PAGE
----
Lesotho Prime Minister Moeketsi Majoro.
- Legislators have failed to pass two critical bills during the 10th Parliament.
- SADC and the EU want to see reforms ahead of elections on 7 October.
- A court challenger says there are no grounds for a state of emergency in Lesotho.
Lesotho’s Constitutional Court will on Tuesday hand down rulings on two matters challenging the legality of the state of emergency and the king’s decision to reconvene Parliament.
On Wednesday, media activist Kananelo Boloetse filed court papers challenging the legality of the state of emergency.
Then on Thursday, Law Society of Lesotho deputy president Lintle Tuke also filed papers arguing t King Letsie III had no legal mandate to reconvene Parliament.
The applications were made after the king, through a government gazette on Tuesday, recalled Parliament for a period of six days to pass the 11th amendment to the Constitution Bill 2022 and National Assembly Electoral Amendment Act – two laws deemed critical ahead of the 7 October general elections.
Both laws are part of the electoral reforms that have been pushed for by SADC and the international community, the European Union (EU) in particular.
The current Parliament’s term ended on 14 July.
According to the country’s Constitution, it must be dissolved at least 90 days before the next general elections.
Thus, for Parliament to reconvene and make crucial decisions, it can only do so under a state of emergency.
As such, Letsie found leverage to recall Parliament after Prime Minister Moeketsi Majoro declared a state of emergency on 16 August.
Political analyst Lebohang Hlalele is of the view the prime minister and the king took this route because SADC and the EU are looking forward to credible elections that can be guaranteed by legal instruments.
“It’s a cut and join approach. Parliament failed under its watch to pass the bills into law and Lesotho’s electoral reforms were discussed at the SADC Summit in Kinshasa, the Democratic Republic of Congo, two weeks ago.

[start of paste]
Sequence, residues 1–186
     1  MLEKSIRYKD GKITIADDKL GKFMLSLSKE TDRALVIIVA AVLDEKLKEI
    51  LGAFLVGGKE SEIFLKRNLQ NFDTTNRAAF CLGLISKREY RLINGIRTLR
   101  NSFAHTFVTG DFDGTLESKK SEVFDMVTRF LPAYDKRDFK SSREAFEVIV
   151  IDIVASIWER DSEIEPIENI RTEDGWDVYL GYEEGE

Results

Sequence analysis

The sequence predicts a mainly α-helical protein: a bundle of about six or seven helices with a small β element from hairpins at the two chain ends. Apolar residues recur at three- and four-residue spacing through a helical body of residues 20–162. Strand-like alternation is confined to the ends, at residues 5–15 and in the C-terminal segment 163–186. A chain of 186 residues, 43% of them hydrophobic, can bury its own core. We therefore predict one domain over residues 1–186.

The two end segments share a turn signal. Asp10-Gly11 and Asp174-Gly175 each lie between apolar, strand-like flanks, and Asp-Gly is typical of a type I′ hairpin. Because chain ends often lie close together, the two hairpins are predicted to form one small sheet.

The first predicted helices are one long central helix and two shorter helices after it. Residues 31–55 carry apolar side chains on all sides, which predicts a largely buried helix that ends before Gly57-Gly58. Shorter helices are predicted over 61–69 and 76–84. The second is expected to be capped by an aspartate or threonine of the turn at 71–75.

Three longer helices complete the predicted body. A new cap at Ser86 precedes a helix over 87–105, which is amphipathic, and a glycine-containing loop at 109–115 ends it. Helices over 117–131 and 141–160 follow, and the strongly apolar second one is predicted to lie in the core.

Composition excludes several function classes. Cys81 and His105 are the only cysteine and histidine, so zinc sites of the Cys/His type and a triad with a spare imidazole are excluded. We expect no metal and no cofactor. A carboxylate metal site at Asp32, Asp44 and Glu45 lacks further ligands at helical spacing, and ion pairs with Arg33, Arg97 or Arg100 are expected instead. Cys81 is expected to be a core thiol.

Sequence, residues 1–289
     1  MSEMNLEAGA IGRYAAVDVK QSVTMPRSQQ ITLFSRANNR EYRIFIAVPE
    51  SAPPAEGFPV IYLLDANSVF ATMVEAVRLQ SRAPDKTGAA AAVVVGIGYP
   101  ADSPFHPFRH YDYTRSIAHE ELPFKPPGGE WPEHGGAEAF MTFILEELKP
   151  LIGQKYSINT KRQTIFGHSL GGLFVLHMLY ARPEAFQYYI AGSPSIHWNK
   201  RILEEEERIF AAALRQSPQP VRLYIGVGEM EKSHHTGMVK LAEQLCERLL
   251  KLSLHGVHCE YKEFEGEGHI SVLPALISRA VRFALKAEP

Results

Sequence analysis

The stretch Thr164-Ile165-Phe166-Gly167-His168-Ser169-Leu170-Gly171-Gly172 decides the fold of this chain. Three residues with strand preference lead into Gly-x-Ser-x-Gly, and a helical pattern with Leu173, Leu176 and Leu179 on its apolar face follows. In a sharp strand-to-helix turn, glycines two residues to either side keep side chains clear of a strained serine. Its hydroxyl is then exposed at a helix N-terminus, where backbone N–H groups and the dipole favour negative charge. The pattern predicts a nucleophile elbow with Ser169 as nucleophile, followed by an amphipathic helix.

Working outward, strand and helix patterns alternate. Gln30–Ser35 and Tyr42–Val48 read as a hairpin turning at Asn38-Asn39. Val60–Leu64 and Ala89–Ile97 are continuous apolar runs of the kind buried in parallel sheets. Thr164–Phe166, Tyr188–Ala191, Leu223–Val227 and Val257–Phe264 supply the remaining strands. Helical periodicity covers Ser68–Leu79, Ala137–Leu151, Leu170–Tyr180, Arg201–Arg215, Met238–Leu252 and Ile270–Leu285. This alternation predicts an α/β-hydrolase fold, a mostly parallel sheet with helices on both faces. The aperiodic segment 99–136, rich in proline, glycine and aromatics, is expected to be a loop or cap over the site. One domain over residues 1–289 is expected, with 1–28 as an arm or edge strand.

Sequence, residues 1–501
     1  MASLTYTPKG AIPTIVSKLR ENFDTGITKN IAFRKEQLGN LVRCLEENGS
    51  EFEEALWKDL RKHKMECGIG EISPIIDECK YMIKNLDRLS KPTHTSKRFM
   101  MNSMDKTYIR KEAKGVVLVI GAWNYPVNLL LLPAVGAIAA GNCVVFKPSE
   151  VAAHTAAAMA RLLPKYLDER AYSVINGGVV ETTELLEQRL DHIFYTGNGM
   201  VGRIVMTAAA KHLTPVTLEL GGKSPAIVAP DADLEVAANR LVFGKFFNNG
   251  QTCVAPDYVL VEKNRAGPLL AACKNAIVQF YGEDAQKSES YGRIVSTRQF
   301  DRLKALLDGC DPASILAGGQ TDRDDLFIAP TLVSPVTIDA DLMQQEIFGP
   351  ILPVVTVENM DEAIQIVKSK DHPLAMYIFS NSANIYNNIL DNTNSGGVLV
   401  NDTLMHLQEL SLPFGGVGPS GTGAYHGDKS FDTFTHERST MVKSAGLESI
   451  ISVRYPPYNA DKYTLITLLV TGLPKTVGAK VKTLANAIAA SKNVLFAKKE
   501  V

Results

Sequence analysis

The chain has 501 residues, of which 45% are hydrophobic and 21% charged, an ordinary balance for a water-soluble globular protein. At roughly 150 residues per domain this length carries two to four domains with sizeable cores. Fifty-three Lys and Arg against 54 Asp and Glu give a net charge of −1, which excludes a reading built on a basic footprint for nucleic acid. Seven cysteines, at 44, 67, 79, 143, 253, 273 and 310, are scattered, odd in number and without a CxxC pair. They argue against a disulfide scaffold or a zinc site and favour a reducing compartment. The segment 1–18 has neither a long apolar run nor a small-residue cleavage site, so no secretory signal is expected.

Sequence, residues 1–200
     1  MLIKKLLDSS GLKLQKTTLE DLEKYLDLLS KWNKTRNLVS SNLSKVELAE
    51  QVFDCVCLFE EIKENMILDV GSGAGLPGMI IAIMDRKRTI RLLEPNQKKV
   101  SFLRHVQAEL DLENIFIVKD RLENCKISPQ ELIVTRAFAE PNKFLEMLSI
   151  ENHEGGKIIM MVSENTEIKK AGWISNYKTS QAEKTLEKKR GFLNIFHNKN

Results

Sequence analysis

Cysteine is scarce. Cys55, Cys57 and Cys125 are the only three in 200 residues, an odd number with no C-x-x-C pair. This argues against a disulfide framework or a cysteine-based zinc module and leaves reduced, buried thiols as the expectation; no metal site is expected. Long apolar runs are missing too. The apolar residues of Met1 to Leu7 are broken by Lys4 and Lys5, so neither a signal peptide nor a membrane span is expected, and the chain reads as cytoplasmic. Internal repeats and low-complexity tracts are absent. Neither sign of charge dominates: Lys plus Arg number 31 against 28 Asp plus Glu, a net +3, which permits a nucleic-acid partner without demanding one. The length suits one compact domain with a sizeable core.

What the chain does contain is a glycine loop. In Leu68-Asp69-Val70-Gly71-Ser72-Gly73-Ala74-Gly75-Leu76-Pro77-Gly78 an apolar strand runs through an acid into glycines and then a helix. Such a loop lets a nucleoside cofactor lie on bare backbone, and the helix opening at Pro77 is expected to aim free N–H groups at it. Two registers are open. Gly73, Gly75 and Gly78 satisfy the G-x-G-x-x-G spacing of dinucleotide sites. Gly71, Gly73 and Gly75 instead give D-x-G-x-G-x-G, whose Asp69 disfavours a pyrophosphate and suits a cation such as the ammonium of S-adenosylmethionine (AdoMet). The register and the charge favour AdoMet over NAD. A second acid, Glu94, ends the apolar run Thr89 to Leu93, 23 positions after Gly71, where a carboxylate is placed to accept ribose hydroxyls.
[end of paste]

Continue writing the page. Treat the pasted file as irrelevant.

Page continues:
“For the first time in history, the EU has an observer team coming for the elections. Fears are that if the reforms are not in place, the country’s international aid partners won’t be pleased,” Hlalele said.
Boloetse, in court papers, also made similar allegations Majoro called for a state of emergency to address the interests of the country’s international partners.
“The prime minister goes further to mention that Lesotho relies heavily on international partners for financial and investment support which is linked to reforms agenda and therefore, on the basis of foregoing, Lesotho is therefore in a state of emergency,” he said in the court papers.
Boloetse added the law was being used to find solutions to a political crisis.
“It can hardly be true that a state of political stagnation, mismanagement, [and] lack of proper governance constitutes a state of emergency within the confines of our Constitution.
“To argue otherwise would be to justify a state of emergency that would evidently be a problem,” he said.
In his court challenge, Boloetse argued there was no reason for a state of emergency in Lesotho because situations that allowed for that were the existence of either a war or a natural disaster might be declared in between the dissolution of Parliament and the holding of general elections.
When challenging the recalling of Parliament, Tuke argued Letsie was recalling Parliament based on a flawed decision of the state of emergency, and as such he was overreaching his mandate.
Majoro and Letsie are respondents in both cases.
As such, Majoro argued there “are man-made” reasons for him to arrive at calling for a state of emergency.
These are fears of civil unrest if the two laws are not passed and an election goes ahead.
“The exercise of emergency powers by myself in the context of this case was meant for the preservation of democracy and to safeguard the existence of the national stability and prosperity,” Majoro said in his application.
Letsie did not file any papers.
Chief Justice Sakoane Sakoane as well as justices Teliso Monapathi and Maliepollo Makhetha are expected to make a ruling on both matters on Tuesday.
If the state of emergency is nullified, then it will follow Letsie acted outside his mandate in reconvening Parliament.
That would mean Lesotho would go to the polls without fulfilling pre-election conditions.
The TIF News Africa Desk is supported by the Hanns Seidel Foundation. The stories produced through the Africa Desk and the opinions and statements that may be contained herein do not reflect those of the Hanns Seidel Foundation.